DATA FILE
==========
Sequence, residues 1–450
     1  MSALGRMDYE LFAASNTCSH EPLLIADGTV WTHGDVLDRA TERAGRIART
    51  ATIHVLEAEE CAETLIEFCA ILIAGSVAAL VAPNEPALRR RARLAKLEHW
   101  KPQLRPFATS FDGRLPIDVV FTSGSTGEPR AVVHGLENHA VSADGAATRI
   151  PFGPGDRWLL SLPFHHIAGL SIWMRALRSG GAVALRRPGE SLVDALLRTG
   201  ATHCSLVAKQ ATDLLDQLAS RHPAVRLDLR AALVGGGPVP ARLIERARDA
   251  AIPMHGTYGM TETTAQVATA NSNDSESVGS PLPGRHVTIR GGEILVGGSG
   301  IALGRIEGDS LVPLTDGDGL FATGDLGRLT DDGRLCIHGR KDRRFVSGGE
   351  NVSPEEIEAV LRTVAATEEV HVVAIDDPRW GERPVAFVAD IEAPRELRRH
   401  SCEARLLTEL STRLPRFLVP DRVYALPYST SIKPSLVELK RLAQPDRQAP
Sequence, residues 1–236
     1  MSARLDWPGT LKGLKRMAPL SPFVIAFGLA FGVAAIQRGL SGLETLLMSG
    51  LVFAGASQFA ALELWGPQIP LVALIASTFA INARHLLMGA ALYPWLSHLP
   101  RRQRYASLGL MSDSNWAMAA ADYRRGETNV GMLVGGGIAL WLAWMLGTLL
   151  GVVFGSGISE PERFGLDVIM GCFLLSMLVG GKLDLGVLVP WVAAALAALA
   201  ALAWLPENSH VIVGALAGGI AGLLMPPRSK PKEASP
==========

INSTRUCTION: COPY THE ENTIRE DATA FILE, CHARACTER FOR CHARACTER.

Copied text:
Sequence, residues 1–450
     1  MSALGRMDYE LFAASNTCSH EPLLIADGTV WTHGDVLDRA TERAGRIART
    51  ATIHVLEAEE CAETLIEFCA ILIAGSVAAL VAPNEPALRR RARLAKLEHW
   101  KPQLRPFATS FDGRLPIDVV FTSGSTGEPR AVVHGLENHA VSADGAATRI
   151  PFGPGDRWLL SLPFHHIAGL SIWMRALRSG GAVALRRPGE SLVDALLRTG
   201  ATHCSLVAKQ ATDLLDQLAS RHPAVRLDLR AALVGGGPVP ARLIERARDA
   251  AIPMHGTYGM TETTAQVATA NSNDSESVGS PLPGRHVTIR GGEILVGGSG
   301  IALGRIEGDS LVPLTDGDGL FATGDLGRLT DDGRLCIHGR KDRRFVSGGE
   351  NVSPEEIEAV LRTVAATEEV HVVAIDDPRW GERPVAFVAD IEAPRELRRH
   401  SCEARLLTEL STRLPRFLVP DRVYALPYST SIKPSLVELK RLAQPDRQAP
Sequence, residues 1–236
     1  MSARLDWPGT LKGLKRMAPL SPFVIAFGLA FGVAAIQRGL SGLETLLMSG
    51  LVFAGASQFA ALELWGPQIP LVALIASTFA INARHLLMGA ALYPWLSHLP
   101  RRQRYASLGL MSDSNWAMAA ADYRRGETNV GMLVGGGIAL WLAWMLGTLL
   151  GVVFGSGISE PERFGLDVIM GCFLLSMLVG GKLDLGVLVP WVAAALAALA
   201  ALAWLPENSH VIVGALAGGI AGLLMPPRSK PKEASP